Brad Olive has been spreading security awareness since the dawn of the internet. Today he develops personalized learning road maps aimed at various roles and user types for IBM Security Academy.
A new report found that more than one-quarter of business executives view security investments as having a negative return on investment (ROI).
Some refer to information security as a war, but it's better to think of it as a game. To win the cybersecurity game, you need to immerse yourself, practice and retrain regularly.
CISOs need a broad range of security tools to fulfill their growing list of responsibilities. The more they can consolidate these solutions, the easier they are to manage and monitor.
By presenting the right security metrics to executives, CISOs can develop a strong business case for greater investment in cybersecurity.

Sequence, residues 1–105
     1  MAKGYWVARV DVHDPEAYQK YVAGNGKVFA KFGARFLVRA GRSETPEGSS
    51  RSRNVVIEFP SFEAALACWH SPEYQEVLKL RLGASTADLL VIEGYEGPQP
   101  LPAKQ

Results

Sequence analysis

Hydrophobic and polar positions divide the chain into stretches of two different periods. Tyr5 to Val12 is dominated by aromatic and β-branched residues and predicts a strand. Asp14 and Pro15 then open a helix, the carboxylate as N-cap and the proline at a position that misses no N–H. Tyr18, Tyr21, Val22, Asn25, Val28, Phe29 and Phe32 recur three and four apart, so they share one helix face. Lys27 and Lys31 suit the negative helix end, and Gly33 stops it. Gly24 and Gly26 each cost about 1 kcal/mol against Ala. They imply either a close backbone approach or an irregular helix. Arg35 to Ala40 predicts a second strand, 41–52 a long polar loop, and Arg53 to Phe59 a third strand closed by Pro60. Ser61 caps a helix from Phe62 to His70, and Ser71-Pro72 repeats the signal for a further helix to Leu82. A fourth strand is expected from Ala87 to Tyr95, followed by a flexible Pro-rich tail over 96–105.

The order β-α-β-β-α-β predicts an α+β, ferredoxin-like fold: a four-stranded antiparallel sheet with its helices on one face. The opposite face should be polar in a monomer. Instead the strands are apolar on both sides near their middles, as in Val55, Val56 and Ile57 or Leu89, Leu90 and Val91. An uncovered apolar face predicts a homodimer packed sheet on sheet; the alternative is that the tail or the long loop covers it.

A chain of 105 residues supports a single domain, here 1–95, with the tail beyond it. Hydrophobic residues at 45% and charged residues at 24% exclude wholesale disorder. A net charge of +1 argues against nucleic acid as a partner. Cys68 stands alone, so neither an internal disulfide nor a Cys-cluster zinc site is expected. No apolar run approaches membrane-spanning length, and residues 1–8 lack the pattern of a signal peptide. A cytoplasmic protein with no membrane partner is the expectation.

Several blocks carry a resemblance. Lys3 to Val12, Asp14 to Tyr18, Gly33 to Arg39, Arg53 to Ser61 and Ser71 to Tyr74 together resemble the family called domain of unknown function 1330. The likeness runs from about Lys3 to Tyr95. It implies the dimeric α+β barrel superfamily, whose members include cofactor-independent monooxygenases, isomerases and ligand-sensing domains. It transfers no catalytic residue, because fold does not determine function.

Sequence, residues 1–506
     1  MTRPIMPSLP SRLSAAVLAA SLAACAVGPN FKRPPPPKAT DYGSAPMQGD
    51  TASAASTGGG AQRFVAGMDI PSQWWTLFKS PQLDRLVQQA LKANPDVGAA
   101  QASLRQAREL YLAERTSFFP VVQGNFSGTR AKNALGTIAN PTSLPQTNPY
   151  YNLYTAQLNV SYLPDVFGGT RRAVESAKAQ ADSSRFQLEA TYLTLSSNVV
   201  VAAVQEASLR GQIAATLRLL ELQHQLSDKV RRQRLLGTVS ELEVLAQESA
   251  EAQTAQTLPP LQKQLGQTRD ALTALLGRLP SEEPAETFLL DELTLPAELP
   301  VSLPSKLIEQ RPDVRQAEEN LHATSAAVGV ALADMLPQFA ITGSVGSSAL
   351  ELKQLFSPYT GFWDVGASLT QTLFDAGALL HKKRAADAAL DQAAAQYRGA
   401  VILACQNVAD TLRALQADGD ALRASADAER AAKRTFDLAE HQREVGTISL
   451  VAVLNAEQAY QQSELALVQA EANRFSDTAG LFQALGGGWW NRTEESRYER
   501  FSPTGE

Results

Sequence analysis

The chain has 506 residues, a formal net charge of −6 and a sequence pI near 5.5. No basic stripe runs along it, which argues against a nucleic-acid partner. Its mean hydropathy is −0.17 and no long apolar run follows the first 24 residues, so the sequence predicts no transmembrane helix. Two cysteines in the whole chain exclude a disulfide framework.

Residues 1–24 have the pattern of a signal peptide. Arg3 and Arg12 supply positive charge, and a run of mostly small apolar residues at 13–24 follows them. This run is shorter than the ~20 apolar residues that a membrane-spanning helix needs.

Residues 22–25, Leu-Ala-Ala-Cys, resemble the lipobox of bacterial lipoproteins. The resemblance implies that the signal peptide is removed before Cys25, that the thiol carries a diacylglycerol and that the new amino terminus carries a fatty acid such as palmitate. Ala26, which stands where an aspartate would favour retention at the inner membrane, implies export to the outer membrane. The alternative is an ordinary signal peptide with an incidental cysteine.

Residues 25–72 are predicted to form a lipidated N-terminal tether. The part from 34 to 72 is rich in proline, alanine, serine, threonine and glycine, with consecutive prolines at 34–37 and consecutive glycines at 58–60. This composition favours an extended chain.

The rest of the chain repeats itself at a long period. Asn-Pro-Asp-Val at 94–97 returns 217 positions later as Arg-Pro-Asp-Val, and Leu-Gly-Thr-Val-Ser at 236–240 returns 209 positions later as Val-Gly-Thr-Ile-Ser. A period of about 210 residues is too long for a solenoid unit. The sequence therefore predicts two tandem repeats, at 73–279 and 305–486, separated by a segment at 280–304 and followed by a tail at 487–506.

Sridhar Muppidi, CTO of cloud security and IAM at IBM Security, and Shamla Naidoo, global CISO at IBM, took time to discuss topics ranging from AI and blockchain to threat sharing and collaboration.
When a CISO is also an articulate leader, he or she can teach the company at large why cybersecurity is essential to business interests and motivate stronger coordination to achieve goals.
With support from IBM, the University of Bari Aldo Moro in Italy is developing a curriculum to help students develop the cybersecurity skills they need to work in a security operations center (SOC).
Today's security teams lack the time, talent and resources to keep up with the rapidly evolving threat landscape. AI can automate tedious processes and take some pressure off security analysts.
As the threat landscape expands — and IT skills grow increasingly scarce — many security leaders don't know how to get the most out of their security information and event management (SIEM) solution.